Porn Drove Tech Boom, Part 1 of 3

According to a New York Times article in October 2000, still in the World Wide Web’s first decade, some 20 percent of AT&T broadband customers were paying considerable amounts of money to watch real, live, red-blooded, all-American sex online. With speeds now considered glacially slow, cable and DSL service cost upwards of $60, and viewing a short video clip could set you back $10.

By 2003, a study by Nielsen/NetRatings was reporting that pornography and music/film piracy were the most influential factors driving broadband penetration. In other words, what everyone in the porn business knew intuitively, and could discuss anecdotally, finally got its scientific imprimatur. By 2010, another decade in the Web’s adolescence, this was all common knowledge, though it was quite distasteful for some of the Religious Right to admit.

Necessity, the mother of invention

Because of a huge audience willing to spend hard-earned cash on personal, media-centric sexual entertainment, innovators and entrepreneurs coalesced to create the content and the tools that consumers needed. Porn-driven advances include modern means of credit card clearing; methodologies for discovering and plugging browser security holes; as well as traffic optimization, mobile services, promotion of the open source movement, and encryption technologies.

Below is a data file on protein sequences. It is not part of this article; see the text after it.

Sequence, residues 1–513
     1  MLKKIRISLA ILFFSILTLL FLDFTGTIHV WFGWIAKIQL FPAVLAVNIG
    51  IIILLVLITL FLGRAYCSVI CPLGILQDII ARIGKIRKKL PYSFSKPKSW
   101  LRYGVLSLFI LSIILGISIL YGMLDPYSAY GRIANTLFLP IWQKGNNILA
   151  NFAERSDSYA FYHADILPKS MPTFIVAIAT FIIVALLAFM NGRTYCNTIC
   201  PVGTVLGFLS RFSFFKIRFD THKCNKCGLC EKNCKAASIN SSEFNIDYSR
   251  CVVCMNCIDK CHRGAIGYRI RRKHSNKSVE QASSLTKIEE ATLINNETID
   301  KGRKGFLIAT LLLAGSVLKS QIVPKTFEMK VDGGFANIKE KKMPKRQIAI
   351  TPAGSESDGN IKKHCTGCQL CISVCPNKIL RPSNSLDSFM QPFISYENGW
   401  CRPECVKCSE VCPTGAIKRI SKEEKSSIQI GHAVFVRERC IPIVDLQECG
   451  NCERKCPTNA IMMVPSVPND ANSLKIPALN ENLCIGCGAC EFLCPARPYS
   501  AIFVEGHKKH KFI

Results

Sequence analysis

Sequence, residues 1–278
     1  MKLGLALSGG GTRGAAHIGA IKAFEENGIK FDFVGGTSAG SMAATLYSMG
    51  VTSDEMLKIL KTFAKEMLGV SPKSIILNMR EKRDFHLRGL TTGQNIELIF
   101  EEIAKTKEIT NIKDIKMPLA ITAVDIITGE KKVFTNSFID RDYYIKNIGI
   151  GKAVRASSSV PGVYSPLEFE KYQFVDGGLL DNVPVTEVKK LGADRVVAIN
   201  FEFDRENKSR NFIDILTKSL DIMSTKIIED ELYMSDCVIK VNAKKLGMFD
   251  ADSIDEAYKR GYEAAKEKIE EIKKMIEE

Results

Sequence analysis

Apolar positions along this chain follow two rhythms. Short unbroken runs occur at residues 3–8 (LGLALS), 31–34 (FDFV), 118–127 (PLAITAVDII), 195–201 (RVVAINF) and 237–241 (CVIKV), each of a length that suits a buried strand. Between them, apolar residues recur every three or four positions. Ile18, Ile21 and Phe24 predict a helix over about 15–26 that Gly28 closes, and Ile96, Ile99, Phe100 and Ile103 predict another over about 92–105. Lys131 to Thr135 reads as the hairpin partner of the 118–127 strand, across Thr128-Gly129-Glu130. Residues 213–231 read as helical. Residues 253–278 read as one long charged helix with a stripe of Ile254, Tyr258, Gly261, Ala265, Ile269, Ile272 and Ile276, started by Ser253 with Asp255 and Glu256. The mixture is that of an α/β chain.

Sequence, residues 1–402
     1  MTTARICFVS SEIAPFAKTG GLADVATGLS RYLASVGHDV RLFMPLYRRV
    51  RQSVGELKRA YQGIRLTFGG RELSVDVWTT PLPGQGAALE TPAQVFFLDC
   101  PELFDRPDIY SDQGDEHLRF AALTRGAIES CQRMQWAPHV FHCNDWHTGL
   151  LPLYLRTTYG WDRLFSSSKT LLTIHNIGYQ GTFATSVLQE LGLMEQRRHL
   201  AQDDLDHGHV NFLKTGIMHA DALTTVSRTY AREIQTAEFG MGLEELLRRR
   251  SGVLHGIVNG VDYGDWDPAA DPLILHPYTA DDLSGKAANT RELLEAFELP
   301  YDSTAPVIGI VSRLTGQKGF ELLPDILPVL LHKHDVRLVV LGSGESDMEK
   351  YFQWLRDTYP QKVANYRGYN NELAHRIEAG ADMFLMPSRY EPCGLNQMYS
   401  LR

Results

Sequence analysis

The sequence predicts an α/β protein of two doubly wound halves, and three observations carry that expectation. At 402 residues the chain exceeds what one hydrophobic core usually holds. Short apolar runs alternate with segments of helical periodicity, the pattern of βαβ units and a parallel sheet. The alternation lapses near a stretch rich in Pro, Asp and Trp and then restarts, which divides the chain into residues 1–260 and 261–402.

Today, one of the biggest areas of development in the porn industry is adding the sense of touch to technology, called haptics. Even with the advent of live chat, the porn experience was insensate and two-dimensional, at best. Certainly, porn consumers wanted to be on the receiving end, but the first use of haptics headed the other direction.

Shrinking Violet? No way

“Teledildonics” is the term author and sex educator Violet Blue, proprietress of the NSFW (Not Safe For Work) site Tiny Nibbles, gave to the first generation of tech-enabled peer-to-peer sex work. Adding a remote-controlled sex toy to a live webcam session was a natural progression, with Blue telling PC World magazine that it may herald “the death of the pimp.”

Although that hasn’t happened, Blue assures interested parties that “it remains in lucrative commercial use.” In coming years, though, you can expect a two-lane highway, thanks to another frontier in haptics.

Next time in Part 2: Interactivity, innovation, introspection…

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